Empowering people in fragile regions
Turn on the news, and you cannot escape the fact that we live in a turbulent world. Conflict, social-economic or political instability, inequality, weak institutions and state legitimacy, and climate change are serious threats that have pushed people to migrate and will continue to do so.
Health, education, and water services to refugees have been at the heart of humanitarian responses to sudden crises. These emergencies are the centerpiece of public compassion. And rightly so. But when initial media coverage wanes, the precarious situation of people who encountered these emergencies continues. In fact, the period of restoration after an emergency lasts much longer than the emergency itself - often for many decades. With over 7 billion people on the globe, most fertile plots of ground are taken and newcomers have to wrench themselves into existing societies, where people are trying to shake off poverty themselves - except for the small percentage of displaced people that manages to reach the shores of richer nations. This is what the OECD says, "Developing countries, which have some of the highest and deepest poverty levels and the fewest resources, host the largest numbers of refugees and IDPs. Although international attention often focuses on those who flee - refugees and IDPs - the majority stay behind."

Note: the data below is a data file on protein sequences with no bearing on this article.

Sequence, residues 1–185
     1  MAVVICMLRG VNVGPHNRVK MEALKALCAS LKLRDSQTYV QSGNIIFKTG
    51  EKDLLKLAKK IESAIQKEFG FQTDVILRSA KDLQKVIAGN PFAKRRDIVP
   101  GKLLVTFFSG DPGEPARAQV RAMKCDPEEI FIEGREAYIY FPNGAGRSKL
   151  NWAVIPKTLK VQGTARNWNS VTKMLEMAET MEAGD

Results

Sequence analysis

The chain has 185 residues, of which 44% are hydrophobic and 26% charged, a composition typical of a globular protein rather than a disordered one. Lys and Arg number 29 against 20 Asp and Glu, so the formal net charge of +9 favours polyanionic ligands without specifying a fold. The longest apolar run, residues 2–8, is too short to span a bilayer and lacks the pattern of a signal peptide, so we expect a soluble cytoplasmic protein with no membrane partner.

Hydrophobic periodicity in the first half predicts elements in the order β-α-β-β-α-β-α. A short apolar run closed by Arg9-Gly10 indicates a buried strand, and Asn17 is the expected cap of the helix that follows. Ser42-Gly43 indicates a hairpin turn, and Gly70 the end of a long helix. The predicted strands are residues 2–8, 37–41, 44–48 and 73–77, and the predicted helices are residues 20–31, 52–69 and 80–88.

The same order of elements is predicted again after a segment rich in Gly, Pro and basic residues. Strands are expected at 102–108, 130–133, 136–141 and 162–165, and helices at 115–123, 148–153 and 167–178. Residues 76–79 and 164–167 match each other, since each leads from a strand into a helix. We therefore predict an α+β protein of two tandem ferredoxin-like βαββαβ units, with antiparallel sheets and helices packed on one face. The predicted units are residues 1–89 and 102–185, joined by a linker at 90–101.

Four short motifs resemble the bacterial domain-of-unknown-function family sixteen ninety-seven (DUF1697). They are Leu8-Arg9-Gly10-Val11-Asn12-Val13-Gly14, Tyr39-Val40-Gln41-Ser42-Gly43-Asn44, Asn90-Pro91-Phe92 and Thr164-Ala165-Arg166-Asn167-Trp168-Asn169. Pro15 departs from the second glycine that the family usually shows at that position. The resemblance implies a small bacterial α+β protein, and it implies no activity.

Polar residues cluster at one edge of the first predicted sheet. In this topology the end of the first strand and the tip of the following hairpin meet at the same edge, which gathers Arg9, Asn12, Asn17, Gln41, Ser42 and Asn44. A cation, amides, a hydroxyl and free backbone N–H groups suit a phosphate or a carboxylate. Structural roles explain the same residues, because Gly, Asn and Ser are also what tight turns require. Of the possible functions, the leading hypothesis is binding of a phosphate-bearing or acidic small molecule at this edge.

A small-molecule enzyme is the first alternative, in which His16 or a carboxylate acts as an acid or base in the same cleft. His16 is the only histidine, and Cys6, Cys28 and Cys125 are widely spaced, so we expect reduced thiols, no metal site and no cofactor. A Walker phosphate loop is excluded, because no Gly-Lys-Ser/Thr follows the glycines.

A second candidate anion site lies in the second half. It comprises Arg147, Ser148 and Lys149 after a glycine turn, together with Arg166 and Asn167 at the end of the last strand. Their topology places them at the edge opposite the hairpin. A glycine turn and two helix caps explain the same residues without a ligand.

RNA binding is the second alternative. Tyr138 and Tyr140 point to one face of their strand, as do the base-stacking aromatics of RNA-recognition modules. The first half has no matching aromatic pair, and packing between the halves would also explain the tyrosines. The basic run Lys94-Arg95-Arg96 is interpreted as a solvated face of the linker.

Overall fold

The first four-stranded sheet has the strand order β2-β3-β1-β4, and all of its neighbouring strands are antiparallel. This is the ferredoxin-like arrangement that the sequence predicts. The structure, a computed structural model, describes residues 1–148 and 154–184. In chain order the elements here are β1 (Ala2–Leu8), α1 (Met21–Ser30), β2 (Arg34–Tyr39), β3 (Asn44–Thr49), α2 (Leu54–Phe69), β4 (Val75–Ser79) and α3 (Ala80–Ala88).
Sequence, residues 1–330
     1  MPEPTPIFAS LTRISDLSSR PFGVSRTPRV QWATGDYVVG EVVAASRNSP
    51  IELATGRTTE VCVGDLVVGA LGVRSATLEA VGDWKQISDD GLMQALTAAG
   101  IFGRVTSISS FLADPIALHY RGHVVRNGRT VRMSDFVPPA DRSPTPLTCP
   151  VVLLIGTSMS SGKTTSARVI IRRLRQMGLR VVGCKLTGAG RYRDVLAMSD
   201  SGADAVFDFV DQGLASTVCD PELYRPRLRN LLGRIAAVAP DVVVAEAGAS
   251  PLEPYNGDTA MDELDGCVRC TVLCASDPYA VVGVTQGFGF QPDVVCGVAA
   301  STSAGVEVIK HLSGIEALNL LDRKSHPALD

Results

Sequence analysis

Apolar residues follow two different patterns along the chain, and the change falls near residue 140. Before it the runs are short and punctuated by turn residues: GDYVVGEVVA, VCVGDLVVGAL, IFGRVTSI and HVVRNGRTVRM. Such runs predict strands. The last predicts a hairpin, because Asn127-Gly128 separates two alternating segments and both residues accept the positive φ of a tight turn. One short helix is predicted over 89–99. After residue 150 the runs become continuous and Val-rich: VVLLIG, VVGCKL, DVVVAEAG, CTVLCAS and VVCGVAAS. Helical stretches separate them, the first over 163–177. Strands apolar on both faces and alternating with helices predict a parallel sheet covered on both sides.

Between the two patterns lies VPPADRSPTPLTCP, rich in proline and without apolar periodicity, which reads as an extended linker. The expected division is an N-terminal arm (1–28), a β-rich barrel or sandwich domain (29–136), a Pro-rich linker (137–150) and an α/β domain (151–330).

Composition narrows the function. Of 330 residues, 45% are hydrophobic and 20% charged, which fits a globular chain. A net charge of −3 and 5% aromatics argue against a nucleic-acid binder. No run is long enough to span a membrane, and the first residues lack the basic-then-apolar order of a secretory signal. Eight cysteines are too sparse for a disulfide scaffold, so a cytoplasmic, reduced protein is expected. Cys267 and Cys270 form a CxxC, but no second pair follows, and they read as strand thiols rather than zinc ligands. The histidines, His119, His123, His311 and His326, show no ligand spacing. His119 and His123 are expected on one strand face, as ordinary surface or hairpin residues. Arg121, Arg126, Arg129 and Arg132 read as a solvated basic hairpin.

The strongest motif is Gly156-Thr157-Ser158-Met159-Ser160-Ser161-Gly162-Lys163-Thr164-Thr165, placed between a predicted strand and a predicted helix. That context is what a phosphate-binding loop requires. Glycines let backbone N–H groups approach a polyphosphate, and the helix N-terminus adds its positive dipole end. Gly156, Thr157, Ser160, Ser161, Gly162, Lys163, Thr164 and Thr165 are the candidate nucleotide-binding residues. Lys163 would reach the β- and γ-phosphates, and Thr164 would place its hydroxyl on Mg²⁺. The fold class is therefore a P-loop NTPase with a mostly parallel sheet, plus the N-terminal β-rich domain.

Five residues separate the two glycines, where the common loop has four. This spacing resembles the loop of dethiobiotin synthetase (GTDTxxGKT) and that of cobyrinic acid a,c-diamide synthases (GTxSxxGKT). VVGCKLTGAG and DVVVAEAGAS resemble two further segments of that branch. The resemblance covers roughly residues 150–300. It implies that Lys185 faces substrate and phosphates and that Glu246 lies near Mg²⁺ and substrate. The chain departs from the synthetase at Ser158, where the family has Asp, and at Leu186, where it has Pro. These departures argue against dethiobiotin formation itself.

While some refugees have settled in semi-permanent camps, many live in host communities - from urban slums (that are rapidly overtaking camps) to remote rural areas. The capacity for displaced people to improve their own life is limited by the fact that they left behind their possessions and have no land rights. In other words; they have fallen through the social safety net and ended up in extreme poverty. They manage to survive, yet have little means to invest in improving their situation. If violence and economic depression continue, they may lose their resilience and be vulnerable to the shocks of nature and economy.
Still, one way or another, everyday life takes over again and a long 'no war-no peace' period sets off. People restore some level of normality. They find work and set up basic facilities like water, sanitation, cooking, light and housing. In fact, for many young people this kind of life is not a matter of restoration, it is the only reality they know of. However fragile their situation, displaced populations often turn out to be an asset and not a burden for local growth. In fact, their presence can be a source of vibrant economic activity, for themselves and the surrounding population. Their numbers generate market demand and attract suppliers.